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stress and the body

Instant Stress Busters

The following are examples of instant stress busters, excerpted from Natural Superwoman, by Rosamond Richardson. In a world of go, go, go, these are great tips to remember. They can bring relief to mental, physical and emotional stresses. As always, remember to breathe when stress is present.


Slow down and take your time. Talk, walk or drive at a slower pace.


Call a friend for a long chat.


Escape mentally – read a book, watch a movie or be a sports spectator.


Keep a notebook on you and make lists: being organized is less stressful.


Smile. It relaxes the major facial muscles and releases serotonin from the brain and makes you fell better.


Stop thinking ‘must’ ‘should’ and ‘ought’ for at least an hour.


Sweat out your stress. Take some vigorous exercise class, or dance til you drop.


Write a list of all the essential things you have to do – then stick it on the fridge and leave it until tomorrow.


Look at some wonderful paintings, or paint one yourself.


Change into comfortable clothes.


Help someone. Be really nice to someone.


Get a massage or a pedicure.


Write a rage letter and don’t send it.


Find a safe place to cry. Crying restores the chemical balance of the body.


Drop perfectionism: it stresses you out.


Pet the dog or cat.


Shut the door on the world at least once a day to see you own needs: do some yoga or meditation.


Lie down with a hot wet flannel over your face.


Go away for a weekend.


Lie in a hot tub and add soothing essential oils to the water. Light a candle and dim the lights and breathe.


Turn off your mobile phone.


Sometimes doing nothing is the key to stress.


Express yourself: don’t maintain the stiff upper lip. And don;t lose your sense of humor.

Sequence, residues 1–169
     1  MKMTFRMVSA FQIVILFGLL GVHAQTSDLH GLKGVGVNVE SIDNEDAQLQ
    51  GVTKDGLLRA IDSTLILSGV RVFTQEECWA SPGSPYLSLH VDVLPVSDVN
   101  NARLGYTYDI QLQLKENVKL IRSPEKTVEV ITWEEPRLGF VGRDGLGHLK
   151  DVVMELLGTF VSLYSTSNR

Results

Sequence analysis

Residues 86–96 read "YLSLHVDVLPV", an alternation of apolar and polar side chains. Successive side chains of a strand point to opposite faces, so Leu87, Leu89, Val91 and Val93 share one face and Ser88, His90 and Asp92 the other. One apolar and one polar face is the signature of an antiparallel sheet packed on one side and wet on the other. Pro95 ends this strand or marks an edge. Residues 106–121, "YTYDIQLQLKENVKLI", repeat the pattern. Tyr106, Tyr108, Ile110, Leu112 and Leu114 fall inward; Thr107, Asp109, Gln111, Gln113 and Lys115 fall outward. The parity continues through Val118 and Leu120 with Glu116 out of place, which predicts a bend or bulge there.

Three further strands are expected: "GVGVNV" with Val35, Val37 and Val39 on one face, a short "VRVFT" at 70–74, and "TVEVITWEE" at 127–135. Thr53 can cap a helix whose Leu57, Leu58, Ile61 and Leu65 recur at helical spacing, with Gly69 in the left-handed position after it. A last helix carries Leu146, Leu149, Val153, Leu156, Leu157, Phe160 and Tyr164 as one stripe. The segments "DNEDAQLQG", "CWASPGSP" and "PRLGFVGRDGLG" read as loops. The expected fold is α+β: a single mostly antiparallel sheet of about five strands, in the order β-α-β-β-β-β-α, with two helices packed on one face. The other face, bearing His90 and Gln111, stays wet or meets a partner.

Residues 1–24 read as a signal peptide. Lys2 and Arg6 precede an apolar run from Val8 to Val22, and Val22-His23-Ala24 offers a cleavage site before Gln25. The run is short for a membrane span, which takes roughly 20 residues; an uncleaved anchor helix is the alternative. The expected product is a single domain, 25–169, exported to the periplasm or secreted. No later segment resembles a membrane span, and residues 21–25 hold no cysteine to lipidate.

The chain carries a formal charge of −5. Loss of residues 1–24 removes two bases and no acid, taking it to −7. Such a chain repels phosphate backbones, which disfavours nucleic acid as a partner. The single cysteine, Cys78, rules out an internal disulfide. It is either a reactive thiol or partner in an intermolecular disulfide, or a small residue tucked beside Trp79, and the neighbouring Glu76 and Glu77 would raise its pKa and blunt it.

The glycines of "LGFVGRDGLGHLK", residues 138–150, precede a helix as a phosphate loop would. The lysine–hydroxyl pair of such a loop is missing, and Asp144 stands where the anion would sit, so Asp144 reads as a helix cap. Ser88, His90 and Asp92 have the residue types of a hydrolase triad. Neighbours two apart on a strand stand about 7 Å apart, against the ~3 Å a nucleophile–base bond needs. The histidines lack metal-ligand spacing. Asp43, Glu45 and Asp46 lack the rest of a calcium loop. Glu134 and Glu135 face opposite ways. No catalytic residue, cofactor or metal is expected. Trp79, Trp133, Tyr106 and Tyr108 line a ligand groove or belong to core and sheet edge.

Change your routine – have a beautiful bath mid afternoon.


Cancel your appointments and have a day off.


Collect inspirational quotations and stories and refer to them to lift your spirits.










Posted in Health & Wellness | February 21 st , 2016 | 0 Comments

What Does Worrying Do To The Body?

Have you ever asked yourself, “What does worrying do to the body?” Do you consider yourself a chronic worry wart? Believe it or not, worrying can have physical effects on the body. If you are that worry wart, or genuinely have things to worry about, your excessive worrying becomes anxiety which can make you physically ill. defines worrying as a verb which means ‘to torment oneself with or suffer from disturbing thoughts; fret.’ When you think about problems or unpleasant things that make you feel anxious or uneasy, you trigger a physical reaction within the body. These physical reactions can affect your daily life to the point where your appetite, sleep, relationships, and job performance are directly hindered. As a coping mechanism, many people seek false relief from unhealthy lifestyle habits like smoking, drinking alcohol, over eating or abusing drugs.